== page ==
The concept of conservative restoration has an aim that transcends the mere aesthetic appeal given by a book which, previously damaged and unbound we see reborn with a new lease of life after restoration. The book owners themselves are very often the cause of longer lasting damage by saying for example “ Please make it look new” or “Glue it, glue it the best you can, put it together again at the least possible cost”. In fact the right attitude should be “Please intervene as little as possible taking care to respect the criteria with which this book was made in the first place”. The aim of conservative restoration is therefore the improvement of an ongoing situation of deterioration without causing further damage due to inappropriate action. Paradoxically, in cases of extreme deterioration, where the restorer’s intervention would be so radical that it would eliminate nearly all the original parts, conservative restoration procedures advise not to intervene but to store the book in a box made of neutral pH materials. This would keep all the book parts together, even if detached, deformed or incomplete (archaeological restoration).

Materials for restoration, indicated by the Institute of Book Pathology in Rome to the Schools of Restoration, have been tested over a number of years and are constantly improved and updated. They enable the restorer to remedy the most varied situations in the field of paper restoration, whether the damage is caused by chemical, biological or mechanical deterioration, without radically attacking the materials and in the meantime ensuring a good degree of reversibility of each product used.

Very often, the use of inadequate products and techniques, for example adhesives that are too strong or too acid, tatty retouch-jobs on prints and drawings, new bindings and book covers that are inappropriate in relation to the period in which the book was published, strongly compromise the delicate balance of the original binding and in general of an object, such as the book, made of several different materials. Let’s see some practical examples:

If I apply inappropriate new paper to an area where it is missing (especially on a print) there will certainly be undulations around the edges of the filled in gap, due to different tensioning of the original paper in relation to the new one used, which is not suited to the physical requirements of the original.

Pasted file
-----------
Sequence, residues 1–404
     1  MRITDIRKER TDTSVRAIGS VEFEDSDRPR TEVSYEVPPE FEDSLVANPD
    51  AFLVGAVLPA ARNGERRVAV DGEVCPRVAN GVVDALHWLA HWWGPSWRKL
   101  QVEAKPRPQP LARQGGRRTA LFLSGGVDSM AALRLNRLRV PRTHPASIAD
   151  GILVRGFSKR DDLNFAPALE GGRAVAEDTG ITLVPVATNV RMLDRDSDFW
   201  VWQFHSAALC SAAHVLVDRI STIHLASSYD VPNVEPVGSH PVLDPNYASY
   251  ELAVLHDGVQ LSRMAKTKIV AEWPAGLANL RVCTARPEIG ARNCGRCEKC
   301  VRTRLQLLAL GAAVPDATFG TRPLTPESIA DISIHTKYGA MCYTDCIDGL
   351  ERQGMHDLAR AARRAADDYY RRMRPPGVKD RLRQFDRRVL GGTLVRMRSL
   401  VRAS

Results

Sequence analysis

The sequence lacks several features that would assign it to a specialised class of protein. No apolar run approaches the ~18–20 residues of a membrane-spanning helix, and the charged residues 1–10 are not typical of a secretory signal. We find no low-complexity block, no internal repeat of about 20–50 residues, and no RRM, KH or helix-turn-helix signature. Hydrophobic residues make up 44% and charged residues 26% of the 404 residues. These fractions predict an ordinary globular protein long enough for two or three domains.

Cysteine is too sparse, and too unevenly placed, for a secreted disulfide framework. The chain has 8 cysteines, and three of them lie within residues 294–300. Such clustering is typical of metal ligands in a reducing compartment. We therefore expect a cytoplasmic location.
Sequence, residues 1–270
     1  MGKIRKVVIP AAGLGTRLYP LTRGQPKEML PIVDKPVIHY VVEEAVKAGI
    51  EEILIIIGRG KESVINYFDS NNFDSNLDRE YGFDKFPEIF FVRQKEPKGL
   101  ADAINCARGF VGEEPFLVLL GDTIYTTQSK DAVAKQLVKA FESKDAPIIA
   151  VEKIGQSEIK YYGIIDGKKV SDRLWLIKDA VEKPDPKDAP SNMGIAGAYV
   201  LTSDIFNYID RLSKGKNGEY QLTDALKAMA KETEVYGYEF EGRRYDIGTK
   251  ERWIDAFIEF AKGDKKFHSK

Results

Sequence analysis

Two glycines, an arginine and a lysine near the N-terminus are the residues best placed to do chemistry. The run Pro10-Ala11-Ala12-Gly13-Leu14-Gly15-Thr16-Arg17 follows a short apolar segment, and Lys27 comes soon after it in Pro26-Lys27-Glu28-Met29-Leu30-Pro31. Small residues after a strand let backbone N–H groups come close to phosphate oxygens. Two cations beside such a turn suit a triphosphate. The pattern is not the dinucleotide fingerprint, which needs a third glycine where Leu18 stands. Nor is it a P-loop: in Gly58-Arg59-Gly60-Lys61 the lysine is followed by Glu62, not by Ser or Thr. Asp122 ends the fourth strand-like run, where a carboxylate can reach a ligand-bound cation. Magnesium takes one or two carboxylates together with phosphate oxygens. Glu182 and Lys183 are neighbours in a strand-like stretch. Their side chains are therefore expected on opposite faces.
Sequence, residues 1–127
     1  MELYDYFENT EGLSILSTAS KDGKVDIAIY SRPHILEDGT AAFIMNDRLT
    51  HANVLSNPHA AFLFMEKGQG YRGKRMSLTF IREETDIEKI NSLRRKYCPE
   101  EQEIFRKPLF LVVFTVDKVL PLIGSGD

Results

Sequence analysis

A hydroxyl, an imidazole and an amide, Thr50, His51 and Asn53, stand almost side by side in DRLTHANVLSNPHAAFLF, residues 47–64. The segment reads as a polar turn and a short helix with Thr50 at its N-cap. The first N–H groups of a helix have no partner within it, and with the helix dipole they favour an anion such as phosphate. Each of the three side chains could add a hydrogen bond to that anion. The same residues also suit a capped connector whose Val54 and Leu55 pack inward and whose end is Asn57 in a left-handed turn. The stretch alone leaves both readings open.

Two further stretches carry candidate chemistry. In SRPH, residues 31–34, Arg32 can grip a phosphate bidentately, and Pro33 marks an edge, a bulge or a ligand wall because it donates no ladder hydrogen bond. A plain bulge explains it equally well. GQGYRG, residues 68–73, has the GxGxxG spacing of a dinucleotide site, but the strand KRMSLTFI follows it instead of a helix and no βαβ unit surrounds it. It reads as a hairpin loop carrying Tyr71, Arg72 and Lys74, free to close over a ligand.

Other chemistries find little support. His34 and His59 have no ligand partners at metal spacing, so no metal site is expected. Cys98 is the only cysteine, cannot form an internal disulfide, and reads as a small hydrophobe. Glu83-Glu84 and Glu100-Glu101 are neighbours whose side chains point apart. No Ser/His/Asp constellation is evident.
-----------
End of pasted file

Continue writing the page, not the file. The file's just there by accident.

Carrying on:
If I simply glue back a detached spine, whether in leather, parchment or cloth, without evaluating the reason that has brought about the mechanical problem, I submit the book to a violent shock each time I open it, thereby causing inappropriate opening and difficult consultation as well as cracking (often irreparable) of the spine.

If I apply new leather using unsuitable adhesive, I will certainly cause an irreversible unsightly dark rim between the parts that come into contact and where the leather is of light colour this problem is even worse.

If in any 16th or 17th century book I reattach the cover using the “case binding” method normally used for modern books, without taking into consideration an extension of the original broken cords and their subsequent lacing into the front and back covers, I can cause an unbalance between the spine and the covers, which could lead to breakage of the cover itself along the longitudinal axis of the joint.

If I replace an original cover made of shaped light cardboard with laced in cords on an old, rare valuable book even if this is in very good condition, only because cardboard is wrongly considered to be a “poor” material, I create a binding not in keeping with the original period of the book. It might be a new and very elaborate binding which aesthetically pleases the eye but is perhaps made of leather, probably tanned with dubious techniques, and has gaudy gold decorations. And so on.

How can you start being a conservator on your paper materials? If you are a bookseller or librarian, start by removing the dust which usually accumulates on the head of the book with a small brush or vacuum cleaner, in order to prevent it carrying humidity present in the air to the internal pages of the book and thereby causing stains or fungal spores. Bookshelves should be regularly dusted and checked for the presence of bookworms. One should keep books away from areas of the building exposed to direct sunlight because this causes the colour to fade and hardens the spines. Books should be placed on very dry shelves in a perfectly straight position (better still if horizontal), never askew.

If the material is documents or of a graphic type i.e. prints, drawings, watercolours etc., these should be stored in a flat position, away from direct light, radiators or damp areas and should be checked at regular intervals for any alterations to the colours or the paper. The latter could show in time small rust coloured dots called foxing which indicate the start of a degradation process. This type of care is both the beginning and the end of a discourse on conservation as it has to be followed in all instances, even after restoration work has been carried out. Restoration does not give the paper or book object infinite longevity, but good conservation is always the sign of good health of our (one hopes) beloved graphic works of art or books.


Cinzia Paraboschi